How to Make an Oxygen Atom Replica

An atom has a nucleus, neutrons, protons and electrons.
••• atom image by Oleg Verbitsky from

An oxygen atom has a nucleus with protons and neutrons, and electrons that orbit around the nucleus. You can make a three-dimensional model of an oxygen atom with round objects; you can use Styrofoam balls, ping-pong balls, rubber balls or golf balls. The Periodic Table of Elements lists information about oxygen such as its atomic number and atomic mass; you will need this to figure out how many neutrons, protons and electrons are in an oxygen atom.

    Search the Periodic Table of Elements to find out how many neutrons, protons and electrons an oxygen atom has. Look for diagrams of atoms to use as a reference for you model. (See the Resources section of this article.)

    Draw a few large circles on the foam core to show the orbit of the electrons. To make a neat circle, tie a long piece of string to a pen. Hold the end of the string against the middle of the foam core board, which will be the center of the circle. With the string taut, draw a circle around the center.

    Gather the number of balls you need for the nucleus. Use one size for the protons and one for the neutrons. Paint them, using a different color for the protons and neutrons. Glue the balls together and glue them on the foam core, in the center of the circles.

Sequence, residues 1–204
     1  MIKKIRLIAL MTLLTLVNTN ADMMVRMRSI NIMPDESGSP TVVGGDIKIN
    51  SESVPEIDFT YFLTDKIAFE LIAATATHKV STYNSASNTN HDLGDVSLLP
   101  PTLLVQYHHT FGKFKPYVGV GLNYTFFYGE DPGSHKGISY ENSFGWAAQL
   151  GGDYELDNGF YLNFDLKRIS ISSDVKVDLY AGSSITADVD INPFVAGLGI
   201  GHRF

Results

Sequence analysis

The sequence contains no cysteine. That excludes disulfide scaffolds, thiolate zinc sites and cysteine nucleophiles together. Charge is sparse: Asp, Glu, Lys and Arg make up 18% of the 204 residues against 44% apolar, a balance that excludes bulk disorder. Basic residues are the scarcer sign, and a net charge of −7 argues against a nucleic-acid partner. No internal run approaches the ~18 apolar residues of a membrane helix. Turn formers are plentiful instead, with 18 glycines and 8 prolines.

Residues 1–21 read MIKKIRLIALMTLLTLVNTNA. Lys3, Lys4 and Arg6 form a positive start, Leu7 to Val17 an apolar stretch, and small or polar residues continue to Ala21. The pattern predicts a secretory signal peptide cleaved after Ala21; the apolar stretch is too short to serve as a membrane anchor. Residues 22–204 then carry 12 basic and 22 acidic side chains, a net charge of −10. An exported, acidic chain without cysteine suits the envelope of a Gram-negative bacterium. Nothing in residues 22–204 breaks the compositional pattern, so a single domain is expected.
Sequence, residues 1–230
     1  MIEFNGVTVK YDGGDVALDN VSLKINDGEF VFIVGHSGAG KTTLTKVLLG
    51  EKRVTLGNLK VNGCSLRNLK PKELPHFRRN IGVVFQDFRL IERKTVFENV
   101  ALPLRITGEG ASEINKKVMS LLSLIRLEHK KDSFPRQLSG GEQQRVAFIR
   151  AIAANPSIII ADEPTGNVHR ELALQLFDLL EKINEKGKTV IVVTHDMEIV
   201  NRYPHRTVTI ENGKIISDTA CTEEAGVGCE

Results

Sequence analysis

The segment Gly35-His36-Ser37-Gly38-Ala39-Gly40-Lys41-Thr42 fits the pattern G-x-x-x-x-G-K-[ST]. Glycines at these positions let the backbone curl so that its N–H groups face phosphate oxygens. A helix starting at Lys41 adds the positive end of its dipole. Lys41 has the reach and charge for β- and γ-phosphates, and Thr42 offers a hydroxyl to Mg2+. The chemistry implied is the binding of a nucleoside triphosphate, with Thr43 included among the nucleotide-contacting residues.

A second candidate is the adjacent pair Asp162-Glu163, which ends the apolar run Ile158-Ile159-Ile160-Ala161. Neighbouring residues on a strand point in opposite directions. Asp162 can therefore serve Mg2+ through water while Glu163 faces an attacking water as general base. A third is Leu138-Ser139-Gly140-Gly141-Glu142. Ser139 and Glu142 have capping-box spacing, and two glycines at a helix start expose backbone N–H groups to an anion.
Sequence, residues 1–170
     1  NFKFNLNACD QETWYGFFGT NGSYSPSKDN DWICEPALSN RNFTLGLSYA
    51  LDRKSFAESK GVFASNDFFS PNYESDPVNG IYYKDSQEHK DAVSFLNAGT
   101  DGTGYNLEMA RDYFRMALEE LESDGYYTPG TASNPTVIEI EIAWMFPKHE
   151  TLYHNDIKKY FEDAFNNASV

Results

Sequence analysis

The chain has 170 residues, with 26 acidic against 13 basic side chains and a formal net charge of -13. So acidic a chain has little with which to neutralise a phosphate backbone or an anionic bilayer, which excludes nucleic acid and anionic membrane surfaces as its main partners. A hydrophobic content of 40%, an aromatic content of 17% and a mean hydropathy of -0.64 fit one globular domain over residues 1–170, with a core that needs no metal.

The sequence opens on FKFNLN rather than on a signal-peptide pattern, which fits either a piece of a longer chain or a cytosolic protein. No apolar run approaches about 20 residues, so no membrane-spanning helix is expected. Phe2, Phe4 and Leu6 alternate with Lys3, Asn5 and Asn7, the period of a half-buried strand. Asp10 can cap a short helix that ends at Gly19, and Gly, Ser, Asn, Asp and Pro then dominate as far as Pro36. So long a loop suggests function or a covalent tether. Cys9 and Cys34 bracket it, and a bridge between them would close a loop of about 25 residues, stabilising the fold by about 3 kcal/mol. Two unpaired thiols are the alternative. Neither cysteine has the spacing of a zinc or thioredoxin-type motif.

Use a marker to mark each proton with a plus sign (+) to represent a positive charge. Leave the neutrons a solid color, since they are neutral.

    Gather smaller balls to make electrons. You can paint them a different color or leave them white. Glue the smaller balls against the circles you have drawn to represent electrons orbiting around the nucleus. Using a marker, draw a negative sign (-) on each electron to represent a negative charge.

    Things You'll Need

    • White foam core board
    • Styrofoam (or other) balls, 2 sizes
    • Spray paint
    • Glue
    • Pen
    • String
    • Markers


    • Pick colors that contrast to show the different parts of the atom.


About the Author

Sharon Guy is a freelance writer and attorney. She has been writing for law firms, businesses and nonprofit organizations since 2000. She holds a Juris Doctorate from Quinnipiac University School of Law and a Bachelor of Arts in fine art from Bard College.

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